However, some greys stop talking before or after the onset of adolescence. Why can this happen to a younger or more mature bird?

An African grey parrot sticks like glue to “its person” day after day, wanting nothing to do with anyone else.

Surprisingly, it may dump “its person” at the drop of a hat and take up with a different household member. Only the parrot knows why, and it’s not likely to discuss it.

African grey parrot parents understand that their parrot’s IQ rates exceptionally higher than that of most parrots. Greys have a mind of their own, and will not let you force them into doing anything – including talking. The best way to encourage a grey that stopped talking is to give choices. “Do you want to play?” followed by the choice, “Do you want to eat?” The bird hears a friendly voice, likes to make its own decisions, and begins talking more quickly if you give it a choice in the matter. Of course, you will sometimes require immediate cooperation. Those times call for a firm voice without questions. “Come out and play.”


Grey Parrot on StairsOf the 7 things only African grey parrot parents understand, this requires a lot of understanding!

Your African grey needs lots of exercise – outside the cage – with constant oversight. It boasts strong muscles and, lacking a gym to keep those muscles toned, needs several hours daily outside the cage.

Good parents set aside supervised, “parrot proof” play areas, realizing that an African grey is so like a toddler. It wants to explore its surroundings in detail.

Understanding parents never leave an African grey out of the cage while they are away, but make the house safe for daily parrot playtime.

Start with the room in which you spend most of your time. Get on your hands and knees and look around. See the room as your grey will see it. Understand its crafty brain. Avoid leaving behind overlooked risks.

●  Houseplants – keep none that is toxic to parrots.
●  Electrical/coaxial cords – wrap cords in PVC tubing.
●  Wall outlets – cover with toddler-proof boxes, not small plastic outlet insets.
●  Windows/mirrors – decorate glass to avoid harmful crash injury. Decals barely visible
to humans will warn away parrots:
●  Escape routes – secure all windows and doors so your parrot stays home.
●  Ceiling fans – replace chains/cords with switches.

Giving your African grey several hours a day out of its cage is vital. Create a safe play area, and then limit your parrot to that and to the times you can be with it.


  African Grey eating Spaghetti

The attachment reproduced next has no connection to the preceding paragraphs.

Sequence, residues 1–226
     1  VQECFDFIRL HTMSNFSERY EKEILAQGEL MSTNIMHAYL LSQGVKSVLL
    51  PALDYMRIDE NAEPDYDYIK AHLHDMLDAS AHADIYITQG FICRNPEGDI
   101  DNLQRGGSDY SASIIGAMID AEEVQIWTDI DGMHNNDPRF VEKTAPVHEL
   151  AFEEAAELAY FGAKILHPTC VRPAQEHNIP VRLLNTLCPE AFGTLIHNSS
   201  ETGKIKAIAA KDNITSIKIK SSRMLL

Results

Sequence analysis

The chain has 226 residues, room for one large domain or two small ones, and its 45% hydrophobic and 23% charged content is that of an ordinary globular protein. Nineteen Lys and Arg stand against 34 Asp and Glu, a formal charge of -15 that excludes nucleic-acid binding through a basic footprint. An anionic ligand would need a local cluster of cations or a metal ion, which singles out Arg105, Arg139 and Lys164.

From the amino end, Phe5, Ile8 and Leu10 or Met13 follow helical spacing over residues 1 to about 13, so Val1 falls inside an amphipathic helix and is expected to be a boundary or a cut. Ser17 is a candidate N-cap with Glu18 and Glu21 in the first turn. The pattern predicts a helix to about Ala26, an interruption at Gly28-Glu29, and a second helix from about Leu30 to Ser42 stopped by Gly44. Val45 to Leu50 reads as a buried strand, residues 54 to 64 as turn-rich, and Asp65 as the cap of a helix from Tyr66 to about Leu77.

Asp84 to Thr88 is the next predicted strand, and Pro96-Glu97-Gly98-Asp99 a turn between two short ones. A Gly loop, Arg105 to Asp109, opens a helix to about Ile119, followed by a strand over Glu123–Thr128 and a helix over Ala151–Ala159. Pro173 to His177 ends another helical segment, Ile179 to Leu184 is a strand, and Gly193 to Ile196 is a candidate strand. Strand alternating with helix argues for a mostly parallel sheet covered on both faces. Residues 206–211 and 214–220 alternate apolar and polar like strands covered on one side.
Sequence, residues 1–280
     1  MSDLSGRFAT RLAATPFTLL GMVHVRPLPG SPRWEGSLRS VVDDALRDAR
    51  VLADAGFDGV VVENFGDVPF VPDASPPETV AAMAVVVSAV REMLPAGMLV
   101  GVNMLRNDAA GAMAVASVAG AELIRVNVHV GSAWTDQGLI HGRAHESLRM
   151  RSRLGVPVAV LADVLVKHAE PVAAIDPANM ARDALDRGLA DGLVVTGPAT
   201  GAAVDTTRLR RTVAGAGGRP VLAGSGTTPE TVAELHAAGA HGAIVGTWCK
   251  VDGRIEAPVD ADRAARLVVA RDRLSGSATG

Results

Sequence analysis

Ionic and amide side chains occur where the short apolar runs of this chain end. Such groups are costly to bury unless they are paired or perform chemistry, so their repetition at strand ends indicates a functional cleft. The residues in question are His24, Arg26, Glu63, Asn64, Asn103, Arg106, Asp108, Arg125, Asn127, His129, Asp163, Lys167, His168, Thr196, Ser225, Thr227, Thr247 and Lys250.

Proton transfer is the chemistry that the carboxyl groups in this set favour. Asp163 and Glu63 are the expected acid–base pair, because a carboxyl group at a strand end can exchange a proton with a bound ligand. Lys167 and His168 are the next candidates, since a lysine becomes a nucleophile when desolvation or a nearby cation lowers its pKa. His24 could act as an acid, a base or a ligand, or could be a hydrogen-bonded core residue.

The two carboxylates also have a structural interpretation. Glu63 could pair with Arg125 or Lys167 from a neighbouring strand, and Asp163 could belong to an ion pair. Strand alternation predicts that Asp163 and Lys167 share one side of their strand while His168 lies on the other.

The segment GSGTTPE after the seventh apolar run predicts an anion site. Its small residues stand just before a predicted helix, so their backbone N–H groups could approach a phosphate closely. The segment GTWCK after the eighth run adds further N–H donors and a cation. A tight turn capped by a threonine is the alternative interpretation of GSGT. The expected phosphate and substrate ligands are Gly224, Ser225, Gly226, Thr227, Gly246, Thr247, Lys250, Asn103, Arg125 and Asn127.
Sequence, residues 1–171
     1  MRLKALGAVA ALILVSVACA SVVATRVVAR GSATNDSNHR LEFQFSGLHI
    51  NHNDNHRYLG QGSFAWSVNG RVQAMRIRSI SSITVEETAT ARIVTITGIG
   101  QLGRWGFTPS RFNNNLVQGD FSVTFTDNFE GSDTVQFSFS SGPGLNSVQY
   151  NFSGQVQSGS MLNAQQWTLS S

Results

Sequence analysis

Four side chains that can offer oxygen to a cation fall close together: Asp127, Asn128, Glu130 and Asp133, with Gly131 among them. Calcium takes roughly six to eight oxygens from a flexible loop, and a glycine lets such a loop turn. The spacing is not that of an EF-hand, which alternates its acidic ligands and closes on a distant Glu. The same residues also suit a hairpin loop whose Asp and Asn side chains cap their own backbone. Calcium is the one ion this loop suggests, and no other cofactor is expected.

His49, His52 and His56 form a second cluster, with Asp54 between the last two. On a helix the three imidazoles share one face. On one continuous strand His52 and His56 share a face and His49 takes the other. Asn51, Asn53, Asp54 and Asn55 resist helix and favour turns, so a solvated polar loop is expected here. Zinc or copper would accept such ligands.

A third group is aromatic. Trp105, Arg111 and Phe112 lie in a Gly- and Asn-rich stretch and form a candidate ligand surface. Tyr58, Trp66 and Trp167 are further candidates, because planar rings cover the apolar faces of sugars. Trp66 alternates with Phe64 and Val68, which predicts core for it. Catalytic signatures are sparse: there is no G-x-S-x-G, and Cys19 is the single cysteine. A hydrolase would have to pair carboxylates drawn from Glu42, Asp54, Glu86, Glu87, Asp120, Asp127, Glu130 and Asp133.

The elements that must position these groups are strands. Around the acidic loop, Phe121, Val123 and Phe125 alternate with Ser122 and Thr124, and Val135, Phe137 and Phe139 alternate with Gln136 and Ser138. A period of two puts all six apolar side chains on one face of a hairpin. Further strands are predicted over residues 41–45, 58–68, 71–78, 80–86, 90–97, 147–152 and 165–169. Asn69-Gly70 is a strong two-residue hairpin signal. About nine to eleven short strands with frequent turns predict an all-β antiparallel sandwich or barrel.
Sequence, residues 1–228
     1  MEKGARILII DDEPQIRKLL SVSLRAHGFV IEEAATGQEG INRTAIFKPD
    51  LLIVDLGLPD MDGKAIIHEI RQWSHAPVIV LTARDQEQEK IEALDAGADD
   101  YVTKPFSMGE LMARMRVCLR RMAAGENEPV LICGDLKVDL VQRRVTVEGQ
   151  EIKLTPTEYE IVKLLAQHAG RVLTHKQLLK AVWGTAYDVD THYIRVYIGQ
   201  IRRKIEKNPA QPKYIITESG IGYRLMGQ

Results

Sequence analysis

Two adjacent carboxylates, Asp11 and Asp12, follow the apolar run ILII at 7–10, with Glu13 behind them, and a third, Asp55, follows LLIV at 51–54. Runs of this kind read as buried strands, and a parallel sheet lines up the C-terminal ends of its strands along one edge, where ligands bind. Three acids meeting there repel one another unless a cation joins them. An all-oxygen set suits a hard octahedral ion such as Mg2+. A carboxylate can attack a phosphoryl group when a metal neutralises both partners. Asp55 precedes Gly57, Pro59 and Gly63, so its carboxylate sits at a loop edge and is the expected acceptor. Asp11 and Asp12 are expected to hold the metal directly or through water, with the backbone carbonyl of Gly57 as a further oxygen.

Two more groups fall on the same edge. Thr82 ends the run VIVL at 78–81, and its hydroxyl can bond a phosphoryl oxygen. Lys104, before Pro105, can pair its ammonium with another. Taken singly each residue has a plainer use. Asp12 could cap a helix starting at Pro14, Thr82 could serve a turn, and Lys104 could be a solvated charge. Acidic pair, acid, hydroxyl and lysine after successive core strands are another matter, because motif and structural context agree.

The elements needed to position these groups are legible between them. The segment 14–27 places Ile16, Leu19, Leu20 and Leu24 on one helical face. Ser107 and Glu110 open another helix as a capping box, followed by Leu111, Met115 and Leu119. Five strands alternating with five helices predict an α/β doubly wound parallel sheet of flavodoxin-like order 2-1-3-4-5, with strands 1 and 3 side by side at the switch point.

The sixth of 7 things only African grey parrot parents understand is that you cannot assume a right diet for other species will give your grey needed nutrition. It will try to eat anything, but that may cause health problems.

For one thing, African greys are susceptible to calcium and vitamin A deficiencies. They are prone to unhealthy obesity, since they no longer soar into the air. Meet its need for a well- balanced diet and you will help your grey be stronger and leaner.

A commercial seed mix may be well-balanced. However, your grey can become a “picky” eater, sorting the dish of food, pushing aside what it likes least and eating only its “favorite” kinds of seed. Meet your African grey’s nutritional needs by buying food from outlets such as Windy City Parrot.

Understand that your grey needs fruits, vegetables, and greens – which should make up about 25% of its daily food. Pass up pale vegetables, and concentrate on orange, red, and yellow veggies such as squash, red peppers, carrots, and sweet potatoes.

African Grey in Aviary


The best of the 7 things only African grey parrot parents understand is that their parrot has changed their lives in unimaginable ways! While you are meeting your grey’s needs, it is meeting some of yours.

Say good-bye to boredom, and find new ways to keep your little friend occupied. You will enjoy the process. This pet loves brain challenges, and you can provide them.

If you need stimulating conversation, turn to your African grey. It will converse eagerly, and learn as many as a thousand or more words. It has extraordinary vocal range, and is able to mimic human voices as well as other sounds, squawks, and whistles. It can do more than just “parrot back” what you teach it, too. It will show impressive intelligence as it keeps the conversation going. The few African greys researchers have studied showed that they could understand and use language purposefully to respond to your particular questions accurately.


One other thing: You may need to rethink living space. African greys use loud calls to keep track of each other in the jungle – and will do the same in apartments, condos, etc. You might find it amusing, but it may annoy your neighbors. Keep it in mind!

Photo by L.Miguel Bugallo Sánchez (